• relay – this is text which complements and works alongside with the images in e.g. comic strips or films. Creating a dialogue. The meaning is found in the sequence rather than the image itself.
  • denoted message
    • He said that the denoted and connoted message is relational, not having one without the other. At least, there is no such image of representing just the denoted message.
  • connoted message
    • With connoted message, it truly depends on the knowledge of the person, as the reading of these signs are not fixed but varied – practical, national, cultural, aesthetics etc. And the language of the image is not just the total utterance emitted but also received

All in all, he claims that the denoted message counterbalances or neutralises the connoted message, and while the connoted message refers to culture, denoted message refers to nature. It is what both exists that makes the rhetoric of an image.

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The Origin of Photography

The Photographic Message – Roland Barthes

What is a photographic message? Is there a structural analysis into what a photograph transmits?

A lot of the philosophers have been saying how closely photography is related to realism (Walton, 1983). Even Barthes is saying that it is a literal transformation of the reality onto light sensitive photographic paper (what he later calls – the denoted message). Making a photograph does not rely on the beliefs of the creator, as Walton says, unlike a piece of artwork. A photograph, although still depends on the choices of the framing and technical skills of the creator, it in itself is something recorded from what’s in the world. Whereas with art, the creator can create and put onto the canvas of anything that he imagines or hallucinates.

But Barthes argues that there is a second message that photography transmit – known as theĀ connoted message – which derives from the decisions of the creator e.g. frame, composition, style to the extend of how the society receives it i.e. inputting the cultural context into the composition of the photograph. Even with press photographs there are connoted messages – from composition, treatment, words attached to it plus the newspaper company itself are symbols to how the public reads these signs (note: this is especially transparent with the image consumption during the midst of Hong Kong protests). Barthes says that the connotation is realised at the different levels of production of the photograph – trick effects, pose, objects to photogenia, asetheticism and syntax.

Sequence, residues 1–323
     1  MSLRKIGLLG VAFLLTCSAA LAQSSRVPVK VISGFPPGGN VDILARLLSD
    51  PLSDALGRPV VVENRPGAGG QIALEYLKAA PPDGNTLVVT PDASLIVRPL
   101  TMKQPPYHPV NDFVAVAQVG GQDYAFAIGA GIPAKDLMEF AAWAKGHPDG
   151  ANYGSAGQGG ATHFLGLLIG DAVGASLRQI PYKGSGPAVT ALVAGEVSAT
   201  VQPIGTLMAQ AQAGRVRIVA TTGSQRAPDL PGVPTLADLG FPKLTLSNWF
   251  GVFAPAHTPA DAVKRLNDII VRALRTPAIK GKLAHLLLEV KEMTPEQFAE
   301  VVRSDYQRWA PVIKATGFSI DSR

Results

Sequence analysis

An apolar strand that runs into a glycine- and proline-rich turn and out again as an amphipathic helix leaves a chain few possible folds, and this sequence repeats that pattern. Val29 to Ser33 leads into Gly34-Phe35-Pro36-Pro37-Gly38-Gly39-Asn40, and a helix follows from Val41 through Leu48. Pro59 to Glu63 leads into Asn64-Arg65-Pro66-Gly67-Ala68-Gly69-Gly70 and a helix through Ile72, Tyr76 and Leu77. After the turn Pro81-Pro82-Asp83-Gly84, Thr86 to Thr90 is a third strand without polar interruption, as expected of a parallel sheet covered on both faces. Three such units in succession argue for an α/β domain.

Trick effects are often used in propagandas e.g. the American press 1951 photo of Senator Millard Tydings and Communist leader Earl Browder. The heavily connoted message in this photograph is really a sign only for certain society and people with certain values. Without understanding the history or the cultural context of what was happening in USA during 1951, this image is merely an image of two people conversing.

Objects are inducers of association of ideas e.g. a bookself = intellectual. So are people (but the associations are more complex e.g. Mother Teresa = compassion). In a photograph, objects and people are the vocabulary of the visual image, and how they are composed and posed turn this lexicon into syntax. “E.g. a window opening on to vineyards and tiled roofs; in front of the window a photograph album, a magnifying glass, a vase of flowers. Consequently, we are in the country, south of the Loire (vines and tiles), in a bourgeois house (flowers on the table) whose owner, advanced in years (the magnifying glass), is reliving his memories (the photograph album) – Francois Mauriac in Malagar (photo in Paris-Match).” (Barthes, 1971).

With photogenia, it relates to the technology of photographic production (lighting, exposure, printing) through which certain effects (motion blur, double exposure etc) create connotations in the photograph; aestheticism is about connotation based on classical paintings e..g classical rules of compositions and syntax, is about the connotation created by viewing a sequence of images and which emerges from the photographs in relation to each other rather than singly.

What Barthes also mentioned in this chapter from Image, Music, Text (1971) book is the relationship between text and images. Formerly, images illustrates the words but when text are attached to an image, it has a parasitic nature to quicken the understanding of the image and it affects how the image is being read. As Barthes says,

“The relationship is not the image which comes to elucidate or realise the text, but the latter comes to sublimate, patheticise or rationalised the image.”

Sometimes the text accompanied can invent a totally new message or contradict the image to produce a different message to the reader. So the big question is, do we read photographs based entirely on its entity, or the message is eluted or deluded by the surrounding text?